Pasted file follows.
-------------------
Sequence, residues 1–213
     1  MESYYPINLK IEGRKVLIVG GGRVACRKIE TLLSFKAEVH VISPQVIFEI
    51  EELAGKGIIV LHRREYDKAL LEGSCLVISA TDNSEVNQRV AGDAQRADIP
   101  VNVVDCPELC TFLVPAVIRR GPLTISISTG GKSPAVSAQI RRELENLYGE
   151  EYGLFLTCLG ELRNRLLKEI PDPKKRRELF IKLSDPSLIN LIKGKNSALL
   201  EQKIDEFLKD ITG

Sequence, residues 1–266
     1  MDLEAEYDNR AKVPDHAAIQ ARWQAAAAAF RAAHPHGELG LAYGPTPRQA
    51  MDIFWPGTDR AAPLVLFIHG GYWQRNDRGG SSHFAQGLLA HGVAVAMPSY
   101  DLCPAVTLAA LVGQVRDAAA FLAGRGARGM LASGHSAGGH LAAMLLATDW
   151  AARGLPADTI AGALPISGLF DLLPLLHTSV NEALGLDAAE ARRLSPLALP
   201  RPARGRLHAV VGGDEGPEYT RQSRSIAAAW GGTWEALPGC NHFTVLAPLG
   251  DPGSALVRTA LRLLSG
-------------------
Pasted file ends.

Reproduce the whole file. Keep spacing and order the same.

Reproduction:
Sequence, residues 1–213
     1  MESYYPINLK IEGRKVLIVG GGRVACRKIE TLLSFKAEVH VISPQVIFEI
    51  EELAGKGIIV LHRREYDKAL LEGSCLVISA TDNSEVNQRV AGDAQRADIP
   101  VNVVDCPELC TFLVPAVIRR GPLTISISTG GKSPAVSAQI RRELENLYGE
   151  EYGLFLTCLG ELRNRLLKEI PDPKKRRELF IKLSDPSLIN LIKGKNSALL
   201  EQKIDEFLKD ITG

Sequence, residues 1–266
     1  MDLEAEYDNR AKVPDHAAIQ ARWQAAAAAF RAAHPHGELG LAYGPTPRQA
    51  MDIFWPGTDR AAPLVLFIHG GYWQRNDRGG SSHFAQGLLA HGVAVAMPSY
   101  DLCPAVTLAA LVGQVRDAAA FLAGRGARGM LASGHSAGGH LAAMLLATDW
   151  AARGLPADTI AGALPISGLF DLLPLLHTSV NEALGLDAAE ARRLSPLALP
   201  RPARGRLHAV VGGDEGPEYT RQSRSIAAAW GGTWEALPGC NHFTVLAPLG
   251  DPGSALVRTA LRLLSG